Why bother with XSLT?

Nov 22, 2013 at 4:43 PM
It seems that Spservices (thank you for this god send) can do anything that you might want to do with a content query webpart or other webpart... am I missing something? Why should I bother to learn XSLT?

Nov 24, 2013 at 5:21 AM
Edited Nov 24, 2013 at 5:21 AM

I started writing a response, and it turned into a blog post: From the SPServices Discussions: Why Should I Bother to Learn XSLT?

Nov 25, 2013 at 12:20 PM
Thank you Mark, for your reply but I am still a little confused... or too be honest I probably don't know enough about the capabilities of DVWP. Can you give a specific example of task that is better suited to DVWP than Spservices?

Nov 25, 2013 at 1:15 PM
Say you want to show the total sales from a list that has 1,000,000 or even 10,000 items. To do this client side, you'd need to request all 1,000,000 items and calculate the total on the client machine. Using a DVWP, the calculation happens on the WFE, so the data never has to travel over the network. (Technically it has to travel from SQL Server to the WFE, but that's going to be a very fast connection.)

Nov 25, 2013 at 1:42 PM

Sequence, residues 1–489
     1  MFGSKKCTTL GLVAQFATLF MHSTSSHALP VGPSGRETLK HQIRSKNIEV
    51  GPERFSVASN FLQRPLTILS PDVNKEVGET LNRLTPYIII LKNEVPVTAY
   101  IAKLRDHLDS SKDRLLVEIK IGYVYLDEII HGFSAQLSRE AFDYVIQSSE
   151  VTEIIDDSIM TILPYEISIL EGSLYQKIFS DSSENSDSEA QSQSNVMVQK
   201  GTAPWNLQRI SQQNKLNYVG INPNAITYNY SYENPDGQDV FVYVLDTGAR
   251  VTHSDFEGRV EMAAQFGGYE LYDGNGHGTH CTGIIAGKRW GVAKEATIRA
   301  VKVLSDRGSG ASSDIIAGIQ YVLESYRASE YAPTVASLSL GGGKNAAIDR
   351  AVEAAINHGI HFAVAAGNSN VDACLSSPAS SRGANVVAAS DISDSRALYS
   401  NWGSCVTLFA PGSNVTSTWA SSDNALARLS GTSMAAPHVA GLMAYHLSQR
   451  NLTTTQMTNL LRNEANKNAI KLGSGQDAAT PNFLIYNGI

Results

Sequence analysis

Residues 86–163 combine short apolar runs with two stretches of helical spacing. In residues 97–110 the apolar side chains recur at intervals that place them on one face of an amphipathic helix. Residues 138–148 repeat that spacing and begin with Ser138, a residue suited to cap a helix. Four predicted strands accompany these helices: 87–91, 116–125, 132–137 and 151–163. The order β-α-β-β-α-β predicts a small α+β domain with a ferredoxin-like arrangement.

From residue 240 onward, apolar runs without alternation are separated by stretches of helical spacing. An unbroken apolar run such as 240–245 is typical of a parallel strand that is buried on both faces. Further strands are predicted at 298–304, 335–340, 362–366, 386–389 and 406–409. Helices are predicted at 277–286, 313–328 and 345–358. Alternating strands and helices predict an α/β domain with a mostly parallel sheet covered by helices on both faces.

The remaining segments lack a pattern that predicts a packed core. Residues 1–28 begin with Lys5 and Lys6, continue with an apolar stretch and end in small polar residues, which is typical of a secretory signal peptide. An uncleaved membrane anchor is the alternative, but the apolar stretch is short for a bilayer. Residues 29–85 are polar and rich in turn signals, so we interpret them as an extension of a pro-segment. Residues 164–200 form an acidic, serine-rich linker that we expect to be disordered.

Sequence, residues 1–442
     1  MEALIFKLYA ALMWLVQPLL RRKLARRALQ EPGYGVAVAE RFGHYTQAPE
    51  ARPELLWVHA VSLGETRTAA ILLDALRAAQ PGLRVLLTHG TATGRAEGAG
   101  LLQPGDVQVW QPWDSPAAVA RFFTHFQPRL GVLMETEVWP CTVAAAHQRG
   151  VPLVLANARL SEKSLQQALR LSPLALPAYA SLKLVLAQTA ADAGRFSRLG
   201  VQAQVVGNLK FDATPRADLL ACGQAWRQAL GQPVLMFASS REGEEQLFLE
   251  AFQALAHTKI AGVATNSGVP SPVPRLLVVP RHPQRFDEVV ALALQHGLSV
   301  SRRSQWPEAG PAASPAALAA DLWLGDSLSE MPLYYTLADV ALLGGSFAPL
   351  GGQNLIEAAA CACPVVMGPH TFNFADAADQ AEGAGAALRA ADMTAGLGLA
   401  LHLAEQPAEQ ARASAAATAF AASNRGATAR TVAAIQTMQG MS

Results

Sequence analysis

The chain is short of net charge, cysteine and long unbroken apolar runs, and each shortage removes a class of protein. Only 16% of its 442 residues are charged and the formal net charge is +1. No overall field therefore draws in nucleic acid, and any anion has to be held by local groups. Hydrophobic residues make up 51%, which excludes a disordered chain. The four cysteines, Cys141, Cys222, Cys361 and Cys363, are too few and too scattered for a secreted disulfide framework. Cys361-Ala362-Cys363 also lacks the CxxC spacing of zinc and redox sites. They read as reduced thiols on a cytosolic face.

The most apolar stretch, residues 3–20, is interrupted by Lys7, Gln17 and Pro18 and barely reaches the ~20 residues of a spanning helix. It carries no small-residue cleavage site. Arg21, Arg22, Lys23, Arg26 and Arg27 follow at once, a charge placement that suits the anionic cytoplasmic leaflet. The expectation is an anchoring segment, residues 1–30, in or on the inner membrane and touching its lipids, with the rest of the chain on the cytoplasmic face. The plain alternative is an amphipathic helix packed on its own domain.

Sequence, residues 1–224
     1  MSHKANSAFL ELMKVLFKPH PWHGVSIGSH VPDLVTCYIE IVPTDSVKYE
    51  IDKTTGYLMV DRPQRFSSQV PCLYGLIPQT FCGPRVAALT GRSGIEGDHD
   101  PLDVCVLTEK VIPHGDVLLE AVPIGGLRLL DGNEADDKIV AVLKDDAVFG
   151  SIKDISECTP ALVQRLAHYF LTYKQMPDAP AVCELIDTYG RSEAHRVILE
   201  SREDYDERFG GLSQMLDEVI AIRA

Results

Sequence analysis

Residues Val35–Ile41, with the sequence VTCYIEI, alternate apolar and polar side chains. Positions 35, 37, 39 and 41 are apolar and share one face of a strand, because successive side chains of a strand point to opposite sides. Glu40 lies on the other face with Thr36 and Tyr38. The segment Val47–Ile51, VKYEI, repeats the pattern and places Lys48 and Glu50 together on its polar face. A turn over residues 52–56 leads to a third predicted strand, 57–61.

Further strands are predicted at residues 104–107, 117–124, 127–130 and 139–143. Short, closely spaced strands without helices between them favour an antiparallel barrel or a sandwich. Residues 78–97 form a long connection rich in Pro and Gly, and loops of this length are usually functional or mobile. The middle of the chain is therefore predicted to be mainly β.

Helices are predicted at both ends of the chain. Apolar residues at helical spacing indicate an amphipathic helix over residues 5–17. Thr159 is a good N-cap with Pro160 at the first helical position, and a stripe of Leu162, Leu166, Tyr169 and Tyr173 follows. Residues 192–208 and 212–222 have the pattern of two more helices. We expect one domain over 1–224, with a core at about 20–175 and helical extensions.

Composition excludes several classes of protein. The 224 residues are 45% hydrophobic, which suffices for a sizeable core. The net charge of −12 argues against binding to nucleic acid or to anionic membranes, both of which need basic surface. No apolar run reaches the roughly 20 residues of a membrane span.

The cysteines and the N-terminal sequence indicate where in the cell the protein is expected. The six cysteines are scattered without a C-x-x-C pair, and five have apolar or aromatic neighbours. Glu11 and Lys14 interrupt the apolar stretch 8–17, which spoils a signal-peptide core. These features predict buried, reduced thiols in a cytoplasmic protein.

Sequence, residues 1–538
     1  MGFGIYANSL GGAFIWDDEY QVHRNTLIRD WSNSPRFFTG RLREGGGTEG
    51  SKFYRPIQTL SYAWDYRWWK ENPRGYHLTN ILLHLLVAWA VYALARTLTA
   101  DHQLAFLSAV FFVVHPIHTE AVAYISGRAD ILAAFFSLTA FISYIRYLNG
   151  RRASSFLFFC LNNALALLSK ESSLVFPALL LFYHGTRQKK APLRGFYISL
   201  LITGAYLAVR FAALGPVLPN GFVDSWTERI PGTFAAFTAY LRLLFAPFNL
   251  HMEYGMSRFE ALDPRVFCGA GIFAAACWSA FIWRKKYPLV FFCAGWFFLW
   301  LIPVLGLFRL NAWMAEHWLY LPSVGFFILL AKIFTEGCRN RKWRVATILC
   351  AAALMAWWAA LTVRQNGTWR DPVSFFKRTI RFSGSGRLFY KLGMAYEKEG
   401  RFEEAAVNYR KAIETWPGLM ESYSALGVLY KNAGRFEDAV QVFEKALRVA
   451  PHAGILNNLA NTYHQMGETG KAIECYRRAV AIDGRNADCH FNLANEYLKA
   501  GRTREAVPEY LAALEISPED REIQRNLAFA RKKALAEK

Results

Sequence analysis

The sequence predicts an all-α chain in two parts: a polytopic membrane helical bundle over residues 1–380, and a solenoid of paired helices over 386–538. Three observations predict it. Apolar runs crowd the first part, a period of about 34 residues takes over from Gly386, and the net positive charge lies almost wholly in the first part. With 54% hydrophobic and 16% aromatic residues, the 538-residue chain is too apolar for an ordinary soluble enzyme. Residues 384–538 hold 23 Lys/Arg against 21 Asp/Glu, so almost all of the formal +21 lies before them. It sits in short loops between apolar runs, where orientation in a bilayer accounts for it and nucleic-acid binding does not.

just a heads up: with a million items, you might hit the xslt timeout.
Nov 25, 2013 at 2:18 PM
Absolutely, depending on a number of factors, such as SharePoint version, threshold limits, WFE specs, and the phase of the moon. I intended it as a simple example.

Nov 25, 2013 at 3:18 PM
Edited Nov 25, 2013 at 3:27 PM
What I've always done to get my rollup values was create a view with Counts/Averages or whatever other calculation. After that, it's a matter of AJAX'ing that page and scraping the values. If you are worried about the view being deleted, you can create the view on the fly first, if it's not present.

A very simple implementation:
$.ajax("/site/Lists/ProjectTasks/RollupView.aspx", {
    success: function(data, status) {
        var $assignedTo = $(data).find("div[name='AssignedTo']").closest("th"),
            assignedToIndex = $assignedTo.index()
            $countsRow = $assignedTo.closest("tr").next(),
            $count = $countsRow.find("td").eq( assignedToIndex )

        console.log( $count.text() )